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The case before the Nebraska Supreme Court involved an appeal by Nathaniel L. Gnewuch, who was convicted of operating a motor vehicle to avoid arrest. Gnewuch had requested a deferred sentence under Nebraska Revised Statute § 29-2292, but the district court refused to consider his request, deeming the statute unconstitutional. On appeal, the Nebraska Supreme Court examined the language of § 29-2292, which allows for a deferred judgement and probation for a guilty defendant, without the entry of a final judgement of conviction, under certain circumstances.The court rejected the district court's assertion that it lacked jurisdiction to impose a sentence of probation before the entry of a judgement of conviction, finding nothing in the Nebraska Constitution that prevented the Legislature from granting the district court such jurisdiction. The court also disagreed with the argument that § 29-2292 violates the separation of powers clause in the Nebraska Constitution by allowing the judiciary to invade the charging function, an inherent executive power. It concluded that the power to define criminal conduct and fix punishment is vested in the legislative branch, while the imposition of a sentence within these legislative limits is a judicial function.Therefore, the court held that § 29-2292 does not violate the separation of powers clause in the Nebraska Constitution and remanded the case back to the district court for consideration of Gnewuch's request for a deferred judgement. View "State v. Gnewuch" on Justia Law

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In this case, two state senators from Oregon, Dennis Linthicum and Brian Boquist, challenged a recent amendment to the Oregon Constitution that disqualifies any state senator or representative from the next election if they have accrued ten or more unexcused absences from legislative floor sessions. In 2023, the senators engaged in a legislative walkout spanning several weeks, each accumulating more than ten unexcused absences. As a result, Oregon's Secretary of State disqualified them from appearing on the ballot for the 2024 election. The senators sought a preliminary injunction, arguing that their walkout was a form of protest protected by the First Amendment to the U.S. Constitution.The United States Court of Appeals for the Ninth Circuit affirmed the district court's denial of a preliminary injunction. The court held that the senators' walkout was not protected by the First Amendment, as it was not a form of expression, but an exercise of legislative power. The court relied on the Supreme Court's decision in Nevada Commission on Ethics v. Carrigan, which held that the First Amendment does not protect the exercise of official legislative power, even if it could be characterized as expressive. The court also noted that the power of a legislator to be absent from legislative sessions, and thereby frustrate legislative action, is not personal to the legislator but belongs to the people. Therefore, the senators could not claim a personal First Amendment right to walk out. The court concluded that the senators were unlikely to prevail on the merits of their First Amendment retaliation claim and affirmed the denial of their request for a preliminary injunction. View "Linthicum v. Wagner" on Justia Law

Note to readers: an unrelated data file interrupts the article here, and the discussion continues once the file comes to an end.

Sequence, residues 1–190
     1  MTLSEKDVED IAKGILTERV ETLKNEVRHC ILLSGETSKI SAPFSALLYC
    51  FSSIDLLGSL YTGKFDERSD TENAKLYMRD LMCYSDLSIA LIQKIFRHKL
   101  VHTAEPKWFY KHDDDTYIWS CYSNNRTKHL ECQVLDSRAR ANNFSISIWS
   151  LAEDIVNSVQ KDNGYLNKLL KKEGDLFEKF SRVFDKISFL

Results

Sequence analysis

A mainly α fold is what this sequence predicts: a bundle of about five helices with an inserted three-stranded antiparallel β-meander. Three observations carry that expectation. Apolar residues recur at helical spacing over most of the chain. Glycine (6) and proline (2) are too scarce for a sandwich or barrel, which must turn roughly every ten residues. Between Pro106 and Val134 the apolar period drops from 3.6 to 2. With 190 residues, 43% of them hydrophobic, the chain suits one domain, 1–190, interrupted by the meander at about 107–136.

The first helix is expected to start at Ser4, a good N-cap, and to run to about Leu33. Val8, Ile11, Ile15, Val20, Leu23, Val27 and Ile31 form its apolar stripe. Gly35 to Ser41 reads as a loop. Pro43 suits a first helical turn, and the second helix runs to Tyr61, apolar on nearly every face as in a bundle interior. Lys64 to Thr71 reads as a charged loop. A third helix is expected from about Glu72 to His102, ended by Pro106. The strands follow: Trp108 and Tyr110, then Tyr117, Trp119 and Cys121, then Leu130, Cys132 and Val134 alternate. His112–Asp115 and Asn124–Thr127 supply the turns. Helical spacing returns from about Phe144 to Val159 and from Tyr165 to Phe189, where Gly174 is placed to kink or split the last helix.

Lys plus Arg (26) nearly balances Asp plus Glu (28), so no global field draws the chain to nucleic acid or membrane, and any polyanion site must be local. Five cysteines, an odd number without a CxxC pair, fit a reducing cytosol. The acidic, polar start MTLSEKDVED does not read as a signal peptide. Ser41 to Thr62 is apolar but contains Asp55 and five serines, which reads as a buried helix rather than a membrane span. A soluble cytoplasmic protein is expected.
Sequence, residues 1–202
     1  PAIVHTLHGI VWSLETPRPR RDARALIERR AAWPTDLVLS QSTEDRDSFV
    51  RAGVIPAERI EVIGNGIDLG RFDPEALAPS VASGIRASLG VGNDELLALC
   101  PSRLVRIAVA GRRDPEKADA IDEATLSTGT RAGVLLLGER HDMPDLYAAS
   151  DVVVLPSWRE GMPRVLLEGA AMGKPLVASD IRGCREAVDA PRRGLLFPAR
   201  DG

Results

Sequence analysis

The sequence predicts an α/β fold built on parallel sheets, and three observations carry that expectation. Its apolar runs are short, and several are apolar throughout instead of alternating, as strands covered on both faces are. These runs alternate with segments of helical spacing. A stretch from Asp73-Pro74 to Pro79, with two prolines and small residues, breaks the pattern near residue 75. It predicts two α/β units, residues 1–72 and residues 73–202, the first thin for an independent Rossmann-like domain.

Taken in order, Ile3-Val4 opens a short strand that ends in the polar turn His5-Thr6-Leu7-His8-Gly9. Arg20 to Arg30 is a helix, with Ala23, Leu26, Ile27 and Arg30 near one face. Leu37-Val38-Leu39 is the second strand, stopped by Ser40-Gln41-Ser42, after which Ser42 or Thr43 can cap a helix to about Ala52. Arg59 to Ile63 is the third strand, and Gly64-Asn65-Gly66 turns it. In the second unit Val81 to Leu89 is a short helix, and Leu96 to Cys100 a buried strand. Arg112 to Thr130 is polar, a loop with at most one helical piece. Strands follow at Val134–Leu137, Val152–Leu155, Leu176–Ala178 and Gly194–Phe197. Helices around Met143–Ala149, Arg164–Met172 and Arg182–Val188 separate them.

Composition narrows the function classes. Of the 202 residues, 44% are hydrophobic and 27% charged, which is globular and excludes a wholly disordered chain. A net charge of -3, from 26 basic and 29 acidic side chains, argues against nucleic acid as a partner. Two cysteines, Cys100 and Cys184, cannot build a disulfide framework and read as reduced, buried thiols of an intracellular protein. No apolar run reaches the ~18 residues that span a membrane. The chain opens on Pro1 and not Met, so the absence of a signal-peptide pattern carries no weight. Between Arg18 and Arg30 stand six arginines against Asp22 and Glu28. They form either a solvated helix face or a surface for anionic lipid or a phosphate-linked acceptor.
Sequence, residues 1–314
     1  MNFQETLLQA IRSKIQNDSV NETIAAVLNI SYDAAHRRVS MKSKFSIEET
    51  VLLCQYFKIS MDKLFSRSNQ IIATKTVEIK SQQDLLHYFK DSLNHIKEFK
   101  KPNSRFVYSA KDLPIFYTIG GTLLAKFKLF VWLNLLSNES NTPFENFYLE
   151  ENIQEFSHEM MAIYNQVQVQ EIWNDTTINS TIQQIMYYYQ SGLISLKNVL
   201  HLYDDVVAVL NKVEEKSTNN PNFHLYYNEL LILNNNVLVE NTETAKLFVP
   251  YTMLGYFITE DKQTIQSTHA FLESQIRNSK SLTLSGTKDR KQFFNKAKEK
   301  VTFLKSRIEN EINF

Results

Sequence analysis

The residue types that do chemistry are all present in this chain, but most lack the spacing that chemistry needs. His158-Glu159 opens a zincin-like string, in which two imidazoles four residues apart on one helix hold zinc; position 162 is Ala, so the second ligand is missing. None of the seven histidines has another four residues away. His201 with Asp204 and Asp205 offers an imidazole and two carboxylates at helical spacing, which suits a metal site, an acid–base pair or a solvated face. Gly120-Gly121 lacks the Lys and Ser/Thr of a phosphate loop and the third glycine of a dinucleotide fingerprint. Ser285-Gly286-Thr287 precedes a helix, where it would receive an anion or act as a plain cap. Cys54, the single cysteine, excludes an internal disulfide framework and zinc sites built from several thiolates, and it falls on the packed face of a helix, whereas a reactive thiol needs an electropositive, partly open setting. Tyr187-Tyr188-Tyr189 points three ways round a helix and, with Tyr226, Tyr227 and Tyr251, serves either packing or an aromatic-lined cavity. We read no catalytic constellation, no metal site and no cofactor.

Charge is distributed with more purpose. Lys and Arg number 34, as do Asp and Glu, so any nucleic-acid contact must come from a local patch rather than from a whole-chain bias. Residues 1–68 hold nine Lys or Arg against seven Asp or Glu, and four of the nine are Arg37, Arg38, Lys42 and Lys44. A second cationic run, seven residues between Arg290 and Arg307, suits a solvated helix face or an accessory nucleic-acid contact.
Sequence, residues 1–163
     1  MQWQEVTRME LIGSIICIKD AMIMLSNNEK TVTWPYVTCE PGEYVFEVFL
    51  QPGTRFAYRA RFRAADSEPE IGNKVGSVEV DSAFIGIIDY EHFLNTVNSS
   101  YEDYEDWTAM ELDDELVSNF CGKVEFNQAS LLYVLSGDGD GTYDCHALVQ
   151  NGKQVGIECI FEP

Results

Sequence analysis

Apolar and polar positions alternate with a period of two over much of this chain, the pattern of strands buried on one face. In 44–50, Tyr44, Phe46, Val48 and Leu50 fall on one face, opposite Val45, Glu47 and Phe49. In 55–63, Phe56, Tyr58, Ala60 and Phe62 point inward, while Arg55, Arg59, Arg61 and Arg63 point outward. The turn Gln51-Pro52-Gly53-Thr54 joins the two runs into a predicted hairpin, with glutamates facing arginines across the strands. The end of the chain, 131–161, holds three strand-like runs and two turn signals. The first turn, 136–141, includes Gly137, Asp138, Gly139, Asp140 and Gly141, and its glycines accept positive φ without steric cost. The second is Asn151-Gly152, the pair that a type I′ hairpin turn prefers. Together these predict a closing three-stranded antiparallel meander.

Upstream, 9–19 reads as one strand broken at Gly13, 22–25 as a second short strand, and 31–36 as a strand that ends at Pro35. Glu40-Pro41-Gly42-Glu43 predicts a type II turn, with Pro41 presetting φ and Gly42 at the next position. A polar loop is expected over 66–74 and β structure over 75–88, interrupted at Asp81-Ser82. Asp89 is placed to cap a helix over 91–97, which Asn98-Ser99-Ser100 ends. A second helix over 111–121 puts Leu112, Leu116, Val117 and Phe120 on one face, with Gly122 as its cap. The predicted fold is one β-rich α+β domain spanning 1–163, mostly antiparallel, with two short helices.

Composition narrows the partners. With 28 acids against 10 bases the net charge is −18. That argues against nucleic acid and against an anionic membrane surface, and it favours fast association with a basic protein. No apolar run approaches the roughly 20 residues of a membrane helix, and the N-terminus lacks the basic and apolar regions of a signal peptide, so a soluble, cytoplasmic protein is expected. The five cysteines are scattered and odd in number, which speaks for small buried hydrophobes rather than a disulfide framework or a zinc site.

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In 2024, the Supreme Court of Florida affirmed the convictions and death sentences of Everett Glenn Miller for the first-degree premeditated murders of Kissimmee Police Officers Matthew Baxter and Richard “Sam” Howard. In August 2017, Miller had interrupted a conversation Officer Baxter was having with three individuals, requesting the presence of a superior officer at the scene. After Sergeant Howard arrived, Miller shot both officers twice in the head from close range. At the time of his arrest later that night, Miller was found carrying two firearms, including the murder weapon.Prior to the murders, Miller, a former Marine, had been posting hateful anti-police and race-based comments on social media. At trial, Miller did not dispute that he had killed the officers, but his defense argued that premeditation was lacking and that the murders should be considered second-degree. The jury convicted Miller of two counts of first-degree premeditated murder and unanimously recommended death for each murder.Miller raised seven issues on appeal, including arguments about the admissibility of certain evidence, the qualifications of an expert witness, the presence of the cold, calculated, and premeditated (CCP) aggravating factor, and the constitutionality of Florida's capital punishment scheme. The court found no merit in any of these arguments and affirmed Miller's convictions and death sentences. View "Miller v. State of Florida" on Justia Law

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In this appeal of a criminal case, the Supreme Court of the State of Utah concluded that the police officers' warrantless entry and search of Alexander Hung Tran’s home were reasonable and justified under the emergency aid exception to the Fourth Amendment of the United States Constitution. The court also declined to recognize broader protection under the Utah Constitution in the emergency aid context. The case arose when Tran appealed the district court’s denial of his motion to suppress evidence that police officers obtained during a warrantless entry and search of his home. The officers had entered Tran's home due to their belief that two individuals inside were in need of immediate aid, which was supported by a range of factors. The court held that the totality of the circumstances known to the police officers at the time they entered Tran’s home supported an objectively reasonable basis to believe that the two individuals were in need of immediate aid, thus falling within the emergency aid exception to the Fourth Amendment's warrant requirement. View "State v. Tran" on Justia Law